Our first day with “chosen and drafted” advisements. See, the way it normally works is students are randomly assigned an advisement teacher over the summer. We did it differently by spending more time getting to know each other, by rotating each advisement teacher through groups of around ten to fifteen and by then asking students to identify who they want to work with. Teachers did something similar so we could then match everybody.
I enjoyed my time this morning with my new advisement. We reviewed Project Foundry, discussed daily reflections, project proposal, and calendar use. They each provided status updates on their Hackathon presentations and science videos and made plans and scheduled their days. It was extremely useful time … I look forward to beginning most days with my group.
During the morning and before lunch I found myself assembling chemicals, preparing solutions, and pulling lab equipment for teams that needed such help for their science videos.
Lunch was a particularly intense PLC that included our Principal and some tough messages. It was a healthy and challenging conversation – as are most of our lunches.
(Many of us have yet to take a period off – this must change as it’s too much too fast. It’s pedal to the metal all day long!)
One group was using hydrochloric acid to denature albumin in egg whites. They had already gathered their observations but were interested in the concept of dilution and acid-base neutralization. We were able to dilute and react – their questions drove the session… amazing!
Another group was interested in making a Storm Glass. Fortunately for them we had the chemicals handy and were able to get it prepared.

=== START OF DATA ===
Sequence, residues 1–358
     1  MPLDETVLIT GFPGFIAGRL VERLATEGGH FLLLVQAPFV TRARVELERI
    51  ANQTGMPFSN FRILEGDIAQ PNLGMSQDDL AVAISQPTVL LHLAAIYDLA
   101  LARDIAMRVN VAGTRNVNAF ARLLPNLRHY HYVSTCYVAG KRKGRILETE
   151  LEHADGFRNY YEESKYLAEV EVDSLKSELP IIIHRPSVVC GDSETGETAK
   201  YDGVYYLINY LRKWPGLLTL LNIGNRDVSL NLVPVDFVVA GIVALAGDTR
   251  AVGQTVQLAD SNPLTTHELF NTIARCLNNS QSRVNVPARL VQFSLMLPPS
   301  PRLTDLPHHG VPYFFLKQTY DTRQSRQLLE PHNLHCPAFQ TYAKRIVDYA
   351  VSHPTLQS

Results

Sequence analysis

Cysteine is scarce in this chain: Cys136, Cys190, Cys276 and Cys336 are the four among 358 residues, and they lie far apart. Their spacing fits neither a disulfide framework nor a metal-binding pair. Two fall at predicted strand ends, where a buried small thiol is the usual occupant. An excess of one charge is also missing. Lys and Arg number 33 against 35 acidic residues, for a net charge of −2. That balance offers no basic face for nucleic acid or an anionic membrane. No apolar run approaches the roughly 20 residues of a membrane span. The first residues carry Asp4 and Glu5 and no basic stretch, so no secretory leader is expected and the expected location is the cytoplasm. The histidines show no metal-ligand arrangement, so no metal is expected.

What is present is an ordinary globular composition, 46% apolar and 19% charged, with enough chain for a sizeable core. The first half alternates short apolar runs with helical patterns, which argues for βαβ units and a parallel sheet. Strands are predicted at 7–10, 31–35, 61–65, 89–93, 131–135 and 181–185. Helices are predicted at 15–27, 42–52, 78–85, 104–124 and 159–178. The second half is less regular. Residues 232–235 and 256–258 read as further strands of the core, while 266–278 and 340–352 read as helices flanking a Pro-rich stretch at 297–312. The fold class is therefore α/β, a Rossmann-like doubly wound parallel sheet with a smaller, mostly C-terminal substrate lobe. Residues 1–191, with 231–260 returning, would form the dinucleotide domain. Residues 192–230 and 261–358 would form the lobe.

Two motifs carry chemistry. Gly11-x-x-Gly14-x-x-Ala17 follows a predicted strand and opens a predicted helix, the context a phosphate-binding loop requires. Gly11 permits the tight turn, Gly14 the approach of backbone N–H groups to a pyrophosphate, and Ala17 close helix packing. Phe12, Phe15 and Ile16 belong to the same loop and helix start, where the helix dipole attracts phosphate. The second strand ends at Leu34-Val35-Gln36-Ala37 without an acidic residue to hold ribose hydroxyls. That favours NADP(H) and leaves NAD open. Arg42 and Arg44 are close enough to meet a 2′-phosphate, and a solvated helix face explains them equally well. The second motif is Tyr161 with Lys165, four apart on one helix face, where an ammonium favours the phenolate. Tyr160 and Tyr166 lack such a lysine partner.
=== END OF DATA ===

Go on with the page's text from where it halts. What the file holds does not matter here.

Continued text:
In addition to the science we discussed, I was able to drive home the importance of technical reading – or reading in general – as one of the students simply passed me his laptop when we were set to begin. At no point did he think he should read and outline a procedure. Part of the experiment failed because of lazy reading, which I think he realized at some point. We probably discussed reading strategies and annotation more than the science!
Another group was making a video that communicated various differences and similarities between solids, liquids, and gases. To that end, they were frustrated that most of the gases they could think of were colorless and they wondered why. One of the students said something about colorless gases “seeming to belong” in the atmosphere and that colorful gases were toxic and maybe poisonous. Excellent thought!
We reacted some copper with nitric acid to evolve nitrogen dioxide gas (nasty!) in the fume hood.
It was an excellent lesson in lab safety because the fume hood wasn’t working. A slight evacuation of the back lab ensued…
We continue to work hard on some of our logistical issues and on supporting the on-task workers and challenging the students who seem to be allergic to work and deep intellectual thought. For this reason we are working on a protocol to enact at the end of the term that moves some students around, possibly out of the program, but also into electives to chop some of the time they spend in the Mosaic environment. Some students are struggling with too much freedom.
#advisementmorning #LawandOrderSVU #MakerSpaceClosed #ShortTimers